This finding reveals that the symbiotic relationship between display ads and search activity works better for more established brands than newcomers. But it doesn’t mean a losing cause for the less known ones. The study indicates purchase activities come from confident customers who may not necessarily be brand loyalists.
Nearly four in ten Internet users (38%) who respond to online display advertising learn about a brand for the first time as a result of their exposure to such an ad. This finding validates display as a viable channel for building brand awareness and not just driving sales.
We always say that the bottomline of any business is to drive sales and make money. But in addition to such direct benefit is the intangible property called brand awareness. Online display is a good medium to introduce the brand. This introduction could be a beginning of a lasting relationship between the brand and the consumer.
Nearly four in ten Internet users (38%) who respond to online display advertising also EVENTUALLY perform a search on the company, product, or service that is the focus of the online display ad to which they are exposed, and then visit the website from the search results; while 14% do the same but then actually purchase a product or service. When these two groups are combined and added to those that perform a search but DO NOT click on any of the results, the aggregate figure reveals that nearly half of Internet users (49%) who respond to online display advertising EVENTUALLY perform a search on a search engine for the company, product, or service that was the focus of the online display ad to which they were exposed. Not only does this finding demonstrate the power of display to drive search, but it also speaks to the fact that marketers will miss a considerable percentage of potential respondents if they don’t support their display efforts with search engine marketing.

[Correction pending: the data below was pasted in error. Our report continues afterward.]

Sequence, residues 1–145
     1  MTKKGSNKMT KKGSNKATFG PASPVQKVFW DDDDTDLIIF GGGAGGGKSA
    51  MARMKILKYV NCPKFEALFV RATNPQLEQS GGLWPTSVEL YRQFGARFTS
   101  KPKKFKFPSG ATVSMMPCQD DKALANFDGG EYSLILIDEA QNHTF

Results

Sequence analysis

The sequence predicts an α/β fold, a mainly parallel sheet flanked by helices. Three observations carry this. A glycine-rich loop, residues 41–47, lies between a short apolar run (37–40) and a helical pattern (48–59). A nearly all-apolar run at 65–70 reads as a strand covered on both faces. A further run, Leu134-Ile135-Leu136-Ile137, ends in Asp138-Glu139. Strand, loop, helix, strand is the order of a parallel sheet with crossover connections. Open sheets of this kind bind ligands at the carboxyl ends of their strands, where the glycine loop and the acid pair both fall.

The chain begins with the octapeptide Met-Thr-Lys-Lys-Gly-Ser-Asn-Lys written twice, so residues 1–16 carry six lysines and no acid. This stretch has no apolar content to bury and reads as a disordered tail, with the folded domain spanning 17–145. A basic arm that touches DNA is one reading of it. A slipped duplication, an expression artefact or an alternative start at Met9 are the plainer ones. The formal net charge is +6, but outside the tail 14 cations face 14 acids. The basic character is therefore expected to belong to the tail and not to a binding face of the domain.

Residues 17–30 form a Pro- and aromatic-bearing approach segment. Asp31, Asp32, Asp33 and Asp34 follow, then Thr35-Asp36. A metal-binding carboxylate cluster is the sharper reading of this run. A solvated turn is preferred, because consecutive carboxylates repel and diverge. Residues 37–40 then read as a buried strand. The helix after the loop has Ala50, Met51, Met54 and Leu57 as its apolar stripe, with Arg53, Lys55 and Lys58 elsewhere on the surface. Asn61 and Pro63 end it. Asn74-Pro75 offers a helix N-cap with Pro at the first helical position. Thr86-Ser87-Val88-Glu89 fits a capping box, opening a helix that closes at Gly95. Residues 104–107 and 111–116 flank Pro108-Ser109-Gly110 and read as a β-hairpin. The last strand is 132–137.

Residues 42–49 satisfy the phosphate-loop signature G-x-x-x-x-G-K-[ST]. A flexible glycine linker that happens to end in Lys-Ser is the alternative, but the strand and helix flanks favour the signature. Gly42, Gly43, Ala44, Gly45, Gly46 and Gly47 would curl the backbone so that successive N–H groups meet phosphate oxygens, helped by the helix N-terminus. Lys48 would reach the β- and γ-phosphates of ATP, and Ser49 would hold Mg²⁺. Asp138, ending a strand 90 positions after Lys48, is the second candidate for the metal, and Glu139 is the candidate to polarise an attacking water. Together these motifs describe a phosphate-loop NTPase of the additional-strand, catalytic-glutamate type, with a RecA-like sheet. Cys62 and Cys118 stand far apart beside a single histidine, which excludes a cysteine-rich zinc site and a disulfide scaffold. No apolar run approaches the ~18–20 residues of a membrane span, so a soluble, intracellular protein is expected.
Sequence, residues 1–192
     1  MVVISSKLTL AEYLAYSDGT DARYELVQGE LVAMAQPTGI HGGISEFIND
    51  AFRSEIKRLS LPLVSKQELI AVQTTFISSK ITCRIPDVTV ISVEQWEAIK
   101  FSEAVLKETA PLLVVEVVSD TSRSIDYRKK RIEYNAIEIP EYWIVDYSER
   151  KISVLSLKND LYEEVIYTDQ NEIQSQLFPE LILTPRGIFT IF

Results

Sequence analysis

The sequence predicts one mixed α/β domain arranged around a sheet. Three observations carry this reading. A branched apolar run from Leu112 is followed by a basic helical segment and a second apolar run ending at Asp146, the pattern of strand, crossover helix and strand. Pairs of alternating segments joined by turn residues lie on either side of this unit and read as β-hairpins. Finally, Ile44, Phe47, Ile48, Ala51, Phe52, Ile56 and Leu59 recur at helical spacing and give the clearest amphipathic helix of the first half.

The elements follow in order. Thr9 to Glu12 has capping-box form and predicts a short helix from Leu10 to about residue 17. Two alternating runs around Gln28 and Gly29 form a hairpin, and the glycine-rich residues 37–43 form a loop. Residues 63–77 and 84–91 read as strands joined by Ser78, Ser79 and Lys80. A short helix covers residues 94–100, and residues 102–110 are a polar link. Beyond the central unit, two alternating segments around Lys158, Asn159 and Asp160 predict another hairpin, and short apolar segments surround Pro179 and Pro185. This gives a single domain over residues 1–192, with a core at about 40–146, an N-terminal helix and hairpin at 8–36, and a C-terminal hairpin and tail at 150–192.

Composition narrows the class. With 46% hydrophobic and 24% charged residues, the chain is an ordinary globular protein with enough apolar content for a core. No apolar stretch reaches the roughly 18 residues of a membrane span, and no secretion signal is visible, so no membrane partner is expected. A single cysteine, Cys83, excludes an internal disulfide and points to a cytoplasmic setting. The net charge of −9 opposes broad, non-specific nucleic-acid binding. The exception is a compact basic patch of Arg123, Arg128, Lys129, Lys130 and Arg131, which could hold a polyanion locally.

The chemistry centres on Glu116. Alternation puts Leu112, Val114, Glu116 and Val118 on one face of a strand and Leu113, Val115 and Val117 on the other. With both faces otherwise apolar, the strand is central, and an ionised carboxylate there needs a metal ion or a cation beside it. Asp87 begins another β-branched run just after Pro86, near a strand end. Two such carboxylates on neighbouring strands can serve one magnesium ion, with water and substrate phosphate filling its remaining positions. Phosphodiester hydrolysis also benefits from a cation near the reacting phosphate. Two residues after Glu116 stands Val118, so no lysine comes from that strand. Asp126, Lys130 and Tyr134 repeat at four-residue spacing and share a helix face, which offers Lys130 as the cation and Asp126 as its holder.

I think this strongly indicates the power of online advertising in terms of attracting Internet users to perform search queries related to the advertisement. 38% is a big portion of Internet users exposed to the ads who search for the company, product or service so it will be a missed opportunity if one sees an ad of a new digital camera, decides to Google it but doesn’t find the official website on search results. Instead the benefit goes to review sites or camera gadget blogs.
When the latency element is factored in, the number of Internet users who perform a search for the company, product, or service that was the focus of the online display ad to which they were exposed nearly doubles from 27% who perform a search as their initial response to 49% who EVENTUALLY perform a search at some point after exposure to an ad.
We don’t expect that the search activity associated with the online ad will happen outright. 27% of such Internet users may have the urge to do so, but eventually the figure will rise up to almost half sooner or later.
Such study relates to us that online ads are still effective marketing channels to attract consumers to convert sales or expose a brand. But more importantly, it has been proven empirically that online ads have strong association with search engine use.